The Yoga Sutras were compiled about 2,000 years ago by the sage Patanjali from an oral tradition reaching back into unknowable antiquity. He gives us the essential wisdom for the practice of yoga and meditation to know, first hand, the essence of our true Self-the conscious indweller that enlivens this body. Experiencing the fully conscious state shows us the essential transcendent nature of the universe to bring us a state of undisturbed joyous tranquillity. Traditionally, this wisdom has been handed down from master to student as a transmission of the means to liberation. Patanjali tells us that the pure blissful inner Self is already attained and all that is required is to lose interest in that which is not the Self. This is pretty straight forward, and we learn all we need to know in the first three sutras. Presuming we will not get it the first time, he goes on to detail the nature of the Self, the practices that will awaken us, the attainments that arise from the practices and then explains about the state of final liberation. Throughout the book we are reminded of two fundamental practices that lead to the final state, kaivalya. One practice is vairagya (dispassion, non-attachment) and the other is viveka (discrimination). In the practice of viveka, we learn to discriminate between the mind and the watcher of the mind (consciousness itself). When we can rest in the state of consciousness knowing itself; we answer the question, "Who am I?"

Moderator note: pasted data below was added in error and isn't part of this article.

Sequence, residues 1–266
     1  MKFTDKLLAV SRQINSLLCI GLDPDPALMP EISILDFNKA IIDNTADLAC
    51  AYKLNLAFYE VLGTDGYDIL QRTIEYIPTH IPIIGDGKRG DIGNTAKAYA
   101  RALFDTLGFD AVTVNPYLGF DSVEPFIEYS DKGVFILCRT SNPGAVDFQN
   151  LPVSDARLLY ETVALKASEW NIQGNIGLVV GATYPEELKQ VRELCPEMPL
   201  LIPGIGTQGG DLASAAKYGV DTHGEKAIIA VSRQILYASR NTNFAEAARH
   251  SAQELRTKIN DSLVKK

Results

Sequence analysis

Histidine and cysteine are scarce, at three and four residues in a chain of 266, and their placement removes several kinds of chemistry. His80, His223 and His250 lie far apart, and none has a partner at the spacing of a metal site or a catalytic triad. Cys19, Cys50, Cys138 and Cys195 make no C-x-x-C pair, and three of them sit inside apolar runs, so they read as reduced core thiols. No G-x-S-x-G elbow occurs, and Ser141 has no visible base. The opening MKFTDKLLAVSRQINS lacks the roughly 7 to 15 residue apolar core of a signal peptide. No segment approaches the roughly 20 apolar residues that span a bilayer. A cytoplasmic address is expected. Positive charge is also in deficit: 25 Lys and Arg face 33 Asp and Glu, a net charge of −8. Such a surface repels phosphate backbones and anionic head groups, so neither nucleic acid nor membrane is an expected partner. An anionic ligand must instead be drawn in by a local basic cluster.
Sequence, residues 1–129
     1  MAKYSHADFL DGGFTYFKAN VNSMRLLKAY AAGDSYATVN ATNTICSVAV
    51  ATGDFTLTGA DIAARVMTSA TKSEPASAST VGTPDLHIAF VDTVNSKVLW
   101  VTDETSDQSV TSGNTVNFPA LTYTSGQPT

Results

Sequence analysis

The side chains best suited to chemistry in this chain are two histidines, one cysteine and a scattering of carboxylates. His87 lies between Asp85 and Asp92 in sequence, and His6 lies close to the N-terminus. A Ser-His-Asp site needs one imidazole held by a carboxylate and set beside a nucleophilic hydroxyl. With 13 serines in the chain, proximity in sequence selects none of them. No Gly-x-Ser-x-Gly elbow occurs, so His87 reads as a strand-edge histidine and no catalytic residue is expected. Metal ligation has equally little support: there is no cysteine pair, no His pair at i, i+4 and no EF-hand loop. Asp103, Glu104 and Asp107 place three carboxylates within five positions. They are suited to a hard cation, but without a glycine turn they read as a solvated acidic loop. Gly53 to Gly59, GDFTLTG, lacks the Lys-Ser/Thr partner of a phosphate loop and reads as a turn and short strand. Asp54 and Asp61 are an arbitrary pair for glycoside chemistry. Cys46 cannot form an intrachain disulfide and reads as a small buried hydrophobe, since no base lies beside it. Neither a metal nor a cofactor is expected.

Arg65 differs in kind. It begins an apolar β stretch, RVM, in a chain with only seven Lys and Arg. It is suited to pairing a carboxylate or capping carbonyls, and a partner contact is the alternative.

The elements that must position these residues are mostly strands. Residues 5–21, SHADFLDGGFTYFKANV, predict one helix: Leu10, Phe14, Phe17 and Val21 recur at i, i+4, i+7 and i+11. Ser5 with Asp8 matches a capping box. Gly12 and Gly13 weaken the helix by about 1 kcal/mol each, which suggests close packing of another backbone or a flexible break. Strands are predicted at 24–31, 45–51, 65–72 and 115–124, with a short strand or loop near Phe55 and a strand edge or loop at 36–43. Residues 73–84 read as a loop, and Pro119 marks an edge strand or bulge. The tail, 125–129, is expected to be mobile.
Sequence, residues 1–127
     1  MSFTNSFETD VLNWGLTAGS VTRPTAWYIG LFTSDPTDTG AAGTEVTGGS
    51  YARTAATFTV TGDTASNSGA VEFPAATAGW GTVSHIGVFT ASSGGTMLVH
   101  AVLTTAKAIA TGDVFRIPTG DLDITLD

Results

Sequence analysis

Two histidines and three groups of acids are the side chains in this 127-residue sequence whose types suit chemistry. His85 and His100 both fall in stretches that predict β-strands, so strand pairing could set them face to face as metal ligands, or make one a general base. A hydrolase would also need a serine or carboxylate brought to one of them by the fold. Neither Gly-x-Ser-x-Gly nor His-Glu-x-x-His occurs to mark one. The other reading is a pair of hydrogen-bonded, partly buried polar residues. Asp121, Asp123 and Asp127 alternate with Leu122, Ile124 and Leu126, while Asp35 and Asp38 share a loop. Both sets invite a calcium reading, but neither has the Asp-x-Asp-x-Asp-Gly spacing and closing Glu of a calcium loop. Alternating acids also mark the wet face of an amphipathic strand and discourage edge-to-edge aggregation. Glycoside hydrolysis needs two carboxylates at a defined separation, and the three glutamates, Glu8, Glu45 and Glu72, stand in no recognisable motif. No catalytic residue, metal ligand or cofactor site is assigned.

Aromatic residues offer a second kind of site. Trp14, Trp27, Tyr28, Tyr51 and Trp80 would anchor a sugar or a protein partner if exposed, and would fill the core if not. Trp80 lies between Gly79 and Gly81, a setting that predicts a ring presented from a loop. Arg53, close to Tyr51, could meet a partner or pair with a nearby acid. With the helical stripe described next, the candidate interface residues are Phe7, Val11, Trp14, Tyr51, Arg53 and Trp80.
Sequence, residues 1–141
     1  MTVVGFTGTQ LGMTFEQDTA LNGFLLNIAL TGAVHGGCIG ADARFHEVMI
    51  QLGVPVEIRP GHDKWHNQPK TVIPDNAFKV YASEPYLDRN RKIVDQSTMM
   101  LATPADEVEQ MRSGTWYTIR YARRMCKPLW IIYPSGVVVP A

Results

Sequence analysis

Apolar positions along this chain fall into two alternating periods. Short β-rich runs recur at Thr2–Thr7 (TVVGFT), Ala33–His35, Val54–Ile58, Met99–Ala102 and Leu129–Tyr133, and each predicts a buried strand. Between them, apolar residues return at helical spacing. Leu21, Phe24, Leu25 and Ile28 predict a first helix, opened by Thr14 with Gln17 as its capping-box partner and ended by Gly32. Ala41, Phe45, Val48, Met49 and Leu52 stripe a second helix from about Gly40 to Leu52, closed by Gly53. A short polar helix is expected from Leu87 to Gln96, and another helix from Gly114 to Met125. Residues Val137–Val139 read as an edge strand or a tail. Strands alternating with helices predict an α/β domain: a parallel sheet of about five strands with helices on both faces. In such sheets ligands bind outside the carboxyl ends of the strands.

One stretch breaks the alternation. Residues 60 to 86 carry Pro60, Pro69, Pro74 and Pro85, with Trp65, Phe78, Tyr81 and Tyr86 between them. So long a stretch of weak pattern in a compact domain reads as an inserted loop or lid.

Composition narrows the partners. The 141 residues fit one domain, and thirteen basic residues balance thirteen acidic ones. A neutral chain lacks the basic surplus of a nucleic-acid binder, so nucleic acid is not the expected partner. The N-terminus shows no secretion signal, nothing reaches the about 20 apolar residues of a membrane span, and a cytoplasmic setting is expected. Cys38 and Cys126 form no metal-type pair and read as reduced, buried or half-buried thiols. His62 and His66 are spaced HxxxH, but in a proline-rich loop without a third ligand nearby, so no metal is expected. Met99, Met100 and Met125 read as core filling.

Also available from this author: The Inner Yoga of Happiness
The author has taught meditation and yoga philosophy for 25 years; and has been trained extensively by Buddhist, Sufi and Siddha masters in India and the United States. Education in the sciences has brought a measure of empiricism to the appreciation of eastern philosophy. Thus in the commentary on the sutras you will find the practices, and orientation to meditation, driven by the veracity of the author's own experience.